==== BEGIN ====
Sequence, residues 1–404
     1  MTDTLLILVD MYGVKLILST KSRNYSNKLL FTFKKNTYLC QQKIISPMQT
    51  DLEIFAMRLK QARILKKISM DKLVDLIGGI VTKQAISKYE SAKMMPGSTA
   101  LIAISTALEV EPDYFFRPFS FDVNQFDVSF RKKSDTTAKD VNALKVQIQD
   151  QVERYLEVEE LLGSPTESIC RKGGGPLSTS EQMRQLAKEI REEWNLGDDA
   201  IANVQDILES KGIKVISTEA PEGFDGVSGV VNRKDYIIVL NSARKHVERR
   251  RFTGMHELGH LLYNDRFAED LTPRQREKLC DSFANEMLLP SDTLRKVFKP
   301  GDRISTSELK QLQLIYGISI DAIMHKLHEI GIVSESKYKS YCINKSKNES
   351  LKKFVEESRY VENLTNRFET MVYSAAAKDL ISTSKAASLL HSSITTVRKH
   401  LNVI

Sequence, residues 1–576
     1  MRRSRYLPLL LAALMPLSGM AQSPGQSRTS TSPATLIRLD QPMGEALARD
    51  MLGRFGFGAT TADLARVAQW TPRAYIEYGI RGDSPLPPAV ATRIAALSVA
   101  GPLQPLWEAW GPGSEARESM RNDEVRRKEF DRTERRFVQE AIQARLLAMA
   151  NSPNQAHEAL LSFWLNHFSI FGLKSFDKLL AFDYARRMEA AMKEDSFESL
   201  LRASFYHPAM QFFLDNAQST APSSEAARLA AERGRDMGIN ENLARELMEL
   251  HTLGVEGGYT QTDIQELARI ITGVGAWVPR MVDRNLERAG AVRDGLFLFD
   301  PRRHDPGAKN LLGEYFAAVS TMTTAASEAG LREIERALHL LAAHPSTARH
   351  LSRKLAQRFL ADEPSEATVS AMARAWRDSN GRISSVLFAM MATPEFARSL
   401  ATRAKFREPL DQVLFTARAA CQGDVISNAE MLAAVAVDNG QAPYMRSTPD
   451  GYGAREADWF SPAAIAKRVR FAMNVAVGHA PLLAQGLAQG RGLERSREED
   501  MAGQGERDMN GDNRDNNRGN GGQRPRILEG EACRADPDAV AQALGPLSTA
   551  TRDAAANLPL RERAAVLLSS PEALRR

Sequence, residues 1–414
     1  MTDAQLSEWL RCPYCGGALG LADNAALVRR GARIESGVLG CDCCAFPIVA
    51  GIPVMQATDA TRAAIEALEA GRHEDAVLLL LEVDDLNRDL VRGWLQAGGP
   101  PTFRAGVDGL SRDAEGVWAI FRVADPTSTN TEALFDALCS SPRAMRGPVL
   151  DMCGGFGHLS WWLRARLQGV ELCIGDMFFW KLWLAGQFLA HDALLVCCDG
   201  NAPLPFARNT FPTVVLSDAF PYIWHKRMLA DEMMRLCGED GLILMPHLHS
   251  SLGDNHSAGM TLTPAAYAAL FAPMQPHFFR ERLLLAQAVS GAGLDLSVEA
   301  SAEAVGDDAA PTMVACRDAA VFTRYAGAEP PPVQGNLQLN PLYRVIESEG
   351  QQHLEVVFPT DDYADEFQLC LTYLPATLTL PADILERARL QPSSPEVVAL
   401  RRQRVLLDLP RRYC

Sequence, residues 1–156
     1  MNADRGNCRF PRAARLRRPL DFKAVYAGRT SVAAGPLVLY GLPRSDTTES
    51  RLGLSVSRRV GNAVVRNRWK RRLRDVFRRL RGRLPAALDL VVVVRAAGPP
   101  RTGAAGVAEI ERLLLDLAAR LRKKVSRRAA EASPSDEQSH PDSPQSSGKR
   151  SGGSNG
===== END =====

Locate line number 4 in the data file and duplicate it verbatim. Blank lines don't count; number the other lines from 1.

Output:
   101  LIAISTALEV EPDYFFRPFS FDVNQFDVSF RKKSDTTAKD VNALKVQIQD